April Is Month of the Military Child

April marks the national observance of the Month of the Military Child, when the Department of Defense and service members across the country honor military children and youth for their sacrifice in supporting their families and their country. During this month, we celebrate their fortitude and generosity, remembering their important place in the military community. Among the children we honor this month are those with special needs – those who live with disabilities of all kinds and forge ahead one day at a time to make unique contributions to the world.

Military children are remarkable examples of resilience, strength and flexibility. They pack up their books and clothes and say goodbye to friends every couple of years. They help manage the home front while a parent is deployed. They exercise courage at school, at home and in the wider military community. Military children are:

  • Open-minded and accepting. They are exposed to different cultures and different ways of life, so they tend to be more tolerant and considerate of all kinds of people.
  • Responsible and independent. They know how to use a skillet and stove before their civilian peers because they've often had to help mom or dad.
  • Flexible. They learn how to embrace change and go with the moment.
  • Generous. They understand how to share, reciprocate and be a team player.

Children of service members didn't develop these qualities by chance. They earned them, much like their parents earned honors at battle, by facing their challenges – constant moves, separations from parents, new schools – in positive ways. This month, Military OneSource is promoting free resources for military children, especially those with special needs, to support them as they deal with challenges unique to the military life: making new friends, managing transition stress and finding fun activities on and off the installation. Programs include:

  • Military Kids Connect – An engaging website that helps children connect to an online community of other military kids, prepare for upcoming moves and have fun with lots of engaging tools and games.
  • Education Directory for Children With Special Needs – A directory that provides military families with children having special needs tools and resources to help with the transition to a new location, including early intervention services for children birth through 3-years-old and education services for children with special needs 3-years-old through 21 years.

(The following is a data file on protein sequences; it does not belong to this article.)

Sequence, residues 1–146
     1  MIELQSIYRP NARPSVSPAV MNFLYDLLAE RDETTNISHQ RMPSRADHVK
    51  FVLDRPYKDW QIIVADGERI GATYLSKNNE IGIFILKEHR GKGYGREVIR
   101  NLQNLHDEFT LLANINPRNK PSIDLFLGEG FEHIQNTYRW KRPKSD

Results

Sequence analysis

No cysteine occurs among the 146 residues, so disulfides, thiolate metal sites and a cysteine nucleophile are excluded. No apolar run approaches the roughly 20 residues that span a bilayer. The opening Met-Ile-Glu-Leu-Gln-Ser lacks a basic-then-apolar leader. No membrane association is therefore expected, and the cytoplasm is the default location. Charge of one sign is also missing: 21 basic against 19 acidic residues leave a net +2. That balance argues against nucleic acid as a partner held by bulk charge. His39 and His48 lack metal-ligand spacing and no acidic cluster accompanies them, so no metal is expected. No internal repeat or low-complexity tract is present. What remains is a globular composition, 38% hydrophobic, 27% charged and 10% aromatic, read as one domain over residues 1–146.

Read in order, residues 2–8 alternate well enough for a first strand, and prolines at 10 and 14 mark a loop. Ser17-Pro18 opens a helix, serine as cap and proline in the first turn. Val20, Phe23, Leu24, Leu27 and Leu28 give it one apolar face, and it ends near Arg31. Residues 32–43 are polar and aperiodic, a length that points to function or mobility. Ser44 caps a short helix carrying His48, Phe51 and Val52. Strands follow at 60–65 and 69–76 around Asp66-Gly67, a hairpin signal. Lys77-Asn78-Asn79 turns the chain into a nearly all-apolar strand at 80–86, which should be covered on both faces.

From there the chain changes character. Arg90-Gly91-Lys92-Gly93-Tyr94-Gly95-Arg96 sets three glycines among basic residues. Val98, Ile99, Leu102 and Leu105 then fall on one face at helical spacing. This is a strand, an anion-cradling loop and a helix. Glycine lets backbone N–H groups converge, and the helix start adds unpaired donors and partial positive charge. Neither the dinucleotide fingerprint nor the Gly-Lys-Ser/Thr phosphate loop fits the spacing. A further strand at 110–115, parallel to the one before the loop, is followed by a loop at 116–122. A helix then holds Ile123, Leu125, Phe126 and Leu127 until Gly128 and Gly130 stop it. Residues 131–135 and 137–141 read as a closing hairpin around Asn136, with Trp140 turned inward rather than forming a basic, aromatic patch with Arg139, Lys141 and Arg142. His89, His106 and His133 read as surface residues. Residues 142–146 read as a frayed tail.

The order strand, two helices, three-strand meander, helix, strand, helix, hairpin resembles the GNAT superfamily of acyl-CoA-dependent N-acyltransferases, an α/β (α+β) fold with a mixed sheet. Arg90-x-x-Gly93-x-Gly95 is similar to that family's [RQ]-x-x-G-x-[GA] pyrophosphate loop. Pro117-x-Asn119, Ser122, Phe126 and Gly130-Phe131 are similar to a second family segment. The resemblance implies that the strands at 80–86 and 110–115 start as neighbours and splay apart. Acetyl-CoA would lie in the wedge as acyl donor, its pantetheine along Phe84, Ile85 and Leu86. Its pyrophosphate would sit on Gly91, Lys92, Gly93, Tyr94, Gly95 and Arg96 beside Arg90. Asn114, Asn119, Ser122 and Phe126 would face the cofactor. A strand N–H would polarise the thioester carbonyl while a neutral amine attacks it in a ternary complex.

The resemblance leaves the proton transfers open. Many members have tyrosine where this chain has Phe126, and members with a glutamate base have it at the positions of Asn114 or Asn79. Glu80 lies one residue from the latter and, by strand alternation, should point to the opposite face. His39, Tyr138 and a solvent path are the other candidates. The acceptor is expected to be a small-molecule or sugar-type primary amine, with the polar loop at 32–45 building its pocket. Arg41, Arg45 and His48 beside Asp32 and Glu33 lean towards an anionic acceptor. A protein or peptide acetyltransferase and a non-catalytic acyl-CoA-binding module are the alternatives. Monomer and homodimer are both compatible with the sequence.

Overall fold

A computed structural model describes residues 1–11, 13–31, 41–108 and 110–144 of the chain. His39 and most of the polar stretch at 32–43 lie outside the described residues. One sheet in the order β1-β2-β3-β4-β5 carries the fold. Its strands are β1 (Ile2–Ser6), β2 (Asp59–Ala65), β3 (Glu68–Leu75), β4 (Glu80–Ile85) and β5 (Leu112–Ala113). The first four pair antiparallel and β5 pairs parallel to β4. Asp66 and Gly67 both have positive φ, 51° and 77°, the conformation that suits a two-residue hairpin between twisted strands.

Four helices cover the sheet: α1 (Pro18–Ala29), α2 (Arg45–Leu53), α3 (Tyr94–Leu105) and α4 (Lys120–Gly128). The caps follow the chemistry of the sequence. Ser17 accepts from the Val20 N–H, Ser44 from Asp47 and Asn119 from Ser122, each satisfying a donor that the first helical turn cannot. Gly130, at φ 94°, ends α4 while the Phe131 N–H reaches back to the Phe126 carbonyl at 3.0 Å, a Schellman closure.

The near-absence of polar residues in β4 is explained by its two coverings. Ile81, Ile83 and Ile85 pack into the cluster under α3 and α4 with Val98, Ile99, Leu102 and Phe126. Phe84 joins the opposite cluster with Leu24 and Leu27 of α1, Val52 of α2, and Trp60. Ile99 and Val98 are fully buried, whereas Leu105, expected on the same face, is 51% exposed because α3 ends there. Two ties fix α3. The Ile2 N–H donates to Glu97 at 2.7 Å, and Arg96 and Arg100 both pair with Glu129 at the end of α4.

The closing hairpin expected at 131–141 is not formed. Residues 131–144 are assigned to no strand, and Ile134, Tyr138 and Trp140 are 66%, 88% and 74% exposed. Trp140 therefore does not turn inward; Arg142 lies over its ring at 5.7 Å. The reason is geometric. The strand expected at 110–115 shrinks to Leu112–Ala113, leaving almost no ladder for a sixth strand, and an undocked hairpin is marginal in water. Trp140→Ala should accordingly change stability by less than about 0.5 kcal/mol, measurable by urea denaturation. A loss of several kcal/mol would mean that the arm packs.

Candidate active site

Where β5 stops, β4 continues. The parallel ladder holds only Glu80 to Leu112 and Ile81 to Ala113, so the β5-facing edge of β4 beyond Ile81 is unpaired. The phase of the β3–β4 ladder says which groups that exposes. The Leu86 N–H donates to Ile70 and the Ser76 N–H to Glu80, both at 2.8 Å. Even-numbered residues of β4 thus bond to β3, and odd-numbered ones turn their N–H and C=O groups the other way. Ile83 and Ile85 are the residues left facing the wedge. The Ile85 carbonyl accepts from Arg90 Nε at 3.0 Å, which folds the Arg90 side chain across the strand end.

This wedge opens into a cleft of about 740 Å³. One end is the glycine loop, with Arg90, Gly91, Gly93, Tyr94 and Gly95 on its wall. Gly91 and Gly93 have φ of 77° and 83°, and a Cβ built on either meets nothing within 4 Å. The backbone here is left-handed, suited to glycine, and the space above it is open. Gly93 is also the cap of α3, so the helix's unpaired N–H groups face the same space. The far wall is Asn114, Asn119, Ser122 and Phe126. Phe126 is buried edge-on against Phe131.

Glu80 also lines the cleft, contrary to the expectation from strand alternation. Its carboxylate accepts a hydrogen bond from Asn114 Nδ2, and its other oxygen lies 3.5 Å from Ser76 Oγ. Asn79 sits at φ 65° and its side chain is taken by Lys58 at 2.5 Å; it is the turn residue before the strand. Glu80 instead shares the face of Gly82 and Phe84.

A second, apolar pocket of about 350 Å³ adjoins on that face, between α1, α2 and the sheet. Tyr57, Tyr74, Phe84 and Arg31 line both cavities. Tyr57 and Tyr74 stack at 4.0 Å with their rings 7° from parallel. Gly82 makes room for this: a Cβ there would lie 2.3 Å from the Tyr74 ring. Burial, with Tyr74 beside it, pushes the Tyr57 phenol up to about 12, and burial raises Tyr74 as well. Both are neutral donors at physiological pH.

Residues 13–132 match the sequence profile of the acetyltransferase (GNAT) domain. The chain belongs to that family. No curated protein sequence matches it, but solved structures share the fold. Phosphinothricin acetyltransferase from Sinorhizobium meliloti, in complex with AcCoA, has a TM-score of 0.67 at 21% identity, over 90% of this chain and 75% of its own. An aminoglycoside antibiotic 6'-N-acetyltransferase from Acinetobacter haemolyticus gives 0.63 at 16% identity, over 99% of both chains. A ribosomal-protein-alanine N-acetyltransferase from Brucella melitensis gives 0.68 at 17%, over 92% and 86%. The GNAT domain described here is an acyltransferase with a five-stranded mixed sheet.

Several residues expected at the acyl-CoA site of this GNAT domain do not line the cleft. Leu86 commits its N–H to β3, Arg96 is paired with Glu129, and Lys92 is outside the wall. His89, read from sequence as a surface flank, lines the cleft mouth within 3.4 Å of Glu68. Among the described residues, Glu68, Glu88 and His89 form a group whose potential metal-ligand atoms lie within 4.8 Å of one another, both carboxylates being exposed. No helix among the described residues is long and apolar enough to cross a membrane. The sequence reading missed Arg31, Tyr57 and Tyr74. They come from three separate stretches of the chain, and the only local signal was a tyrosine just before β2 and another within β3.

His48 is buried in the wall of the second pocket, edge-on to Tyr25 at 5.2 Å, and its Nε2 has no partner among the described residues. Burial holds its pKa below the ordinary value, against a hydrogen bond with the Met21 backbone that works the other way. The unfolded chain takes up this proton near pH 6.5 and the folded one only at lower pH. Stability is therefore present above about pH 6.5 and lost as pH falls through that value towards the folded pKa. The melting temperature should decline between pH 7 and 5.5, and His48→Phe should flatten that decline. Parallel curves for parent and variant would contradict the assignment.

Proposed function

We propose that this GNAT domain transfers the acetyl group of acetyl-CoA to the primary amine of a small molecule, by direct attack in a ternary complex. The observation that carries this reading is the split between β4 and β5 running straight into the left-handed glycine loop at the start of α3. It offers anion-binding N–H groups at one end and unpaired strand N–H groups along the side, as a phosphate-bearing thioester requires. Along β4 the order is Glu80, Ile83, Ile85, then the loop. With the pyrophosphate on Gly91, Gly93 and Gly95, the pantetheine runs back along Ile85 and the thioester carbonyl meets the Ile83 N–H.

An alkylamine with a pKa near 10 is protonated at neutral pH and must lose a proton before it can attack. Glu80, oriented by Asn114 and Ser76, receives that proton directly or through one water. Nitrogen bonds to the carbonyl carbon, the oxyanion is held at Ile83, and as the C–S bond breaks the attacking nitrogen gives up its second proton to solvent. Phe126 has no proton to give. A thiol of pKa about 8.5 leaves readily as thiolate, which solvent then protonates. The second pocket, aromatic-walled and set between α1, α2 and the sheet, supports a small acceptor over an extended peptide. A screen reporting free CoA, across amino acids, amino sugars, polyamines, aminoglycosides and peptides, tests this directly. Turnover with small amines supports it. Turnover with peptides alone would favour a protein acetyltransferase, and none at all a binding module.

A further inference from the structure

• Military Youth Coping With Separation – A video developed by military pediatricians and adolescent medicine specialists to help military youth understand that they are not alone when they experience family separation.
  • Exceptional Family Member Program – A program that ensures family members' documented medical and educational needs receive consideration during the assignment coordination process. Through the Exceptional Family Member Program Family Support office, families can receive assistance with navigating military and community systems of support.
  • Military and Family Life Counseling Program – Face-to-face, confidential non-medical counseling, briefings and presentations both on and off military installations.
  • Military OneSource Specialty Consultations – Consultations with specialists in key areas, such as education, transition stress or special needs.

Celebrate Month of the Military Child by checking with your local installation's child and youth programs for events in April honoring military children. And be sure to wear purple on April 21 to recognize military children and youth: Purple Up! for Military Kids is an initiative of 4-H Military Partnerships.

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